5. Well, if the people from sinaloa would just be real about their drug problem it would be nice. Instead all you here is "stuff like that only happens in tamaulipas or Juarez,in sinaloa sicarios don't kill innocents" bull crap

    6. Como saben que era inocente? Yo no lo se.. Y uds no saben nada. Si se ponen a pensar em pudo bien andar vendiendo droga o por su lugar de trabajao ser un puntero que vendia cds y ala vez comunicaba de gente extrana. Como estaba en la entrada podria ser un puntero. Podria ser vendedor de deoga o inocente. NO en sinaloa tambien muere gente inocente pero no como en otros lugares es muy raro que pase eso.

    7. @0712, He's not saying he's an expert, he gave his view probably based on emperical observation. To some LA, NYC or Miami are also shut holes, but to many they are quite beautiful places. Your personal view may be different based on your own experiences.

  2. blo territory killing innocents that's what there known for

    1. The guy owed money , it doesnt sound like an innocent person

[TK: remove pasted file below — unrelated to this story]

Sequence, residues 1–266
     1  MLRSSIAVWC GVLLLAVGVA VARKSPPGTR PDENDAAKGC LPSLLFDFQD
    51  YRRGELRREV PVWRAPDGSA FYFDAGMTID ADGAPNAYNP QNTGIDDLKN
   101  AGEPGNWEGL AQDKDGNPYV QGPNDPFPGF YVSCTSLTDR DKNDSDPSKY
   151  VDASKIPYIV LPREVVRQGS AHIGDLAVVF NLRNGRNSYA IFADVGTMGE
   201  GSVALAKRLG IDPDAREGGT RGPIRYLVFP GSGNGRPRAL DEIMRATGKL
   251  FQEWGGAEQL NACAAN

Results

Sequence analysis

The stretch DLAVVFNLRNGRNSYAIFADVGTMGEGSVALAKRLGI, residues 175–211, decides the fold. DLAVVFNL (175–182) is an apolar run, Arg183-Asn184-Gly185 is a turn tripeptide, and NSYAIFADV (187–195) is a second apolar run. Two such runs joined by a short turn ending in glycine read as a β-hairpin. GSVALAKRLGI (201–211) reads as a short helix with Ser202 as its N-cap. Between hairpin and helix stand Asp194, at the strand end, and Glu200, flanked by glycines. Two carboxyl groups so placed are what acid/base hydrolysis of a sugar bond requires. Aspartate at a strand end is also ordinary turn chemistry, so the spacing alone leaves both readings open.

3. Those woman are some of the most cabronas of mexico it's sad but it said her son was kill in a ajuste de cuentas since he son own a Drug Debt Wich he could not pay

    1. @7:59 Thanks for your tremendous disrespect to everyone, the living and the dead.

  4. hope she can now find peace now I admire their work and bravery sinaloa woman are gold

  5. Narco estado lleno de depredadores.

  6. DEP Roberto Corrales Medina.
    Felicidades pero mi simpatía Sra Neyeda.

    1. So everyone is absolutely convinced Roberto was completely innocent. No involvement with narcos whatsoever. He was posted at the main entrance to his community "selling cds", which is what a lot of halcones do for cover. Plus he was wearing a $500 belt when he died. Yeah, totally innocent, all the circumstantial evidence means nothing.

  7. Cada quien save en que se mete, sad but its reality.

  8. Que dios lo tenga en el cielo se lo ha merecido...Power to the people...muerte a secustradores...

  9. Corruption and organized crime is a cancer that cannot be cut out. It can only be healed from the inside by real change to society.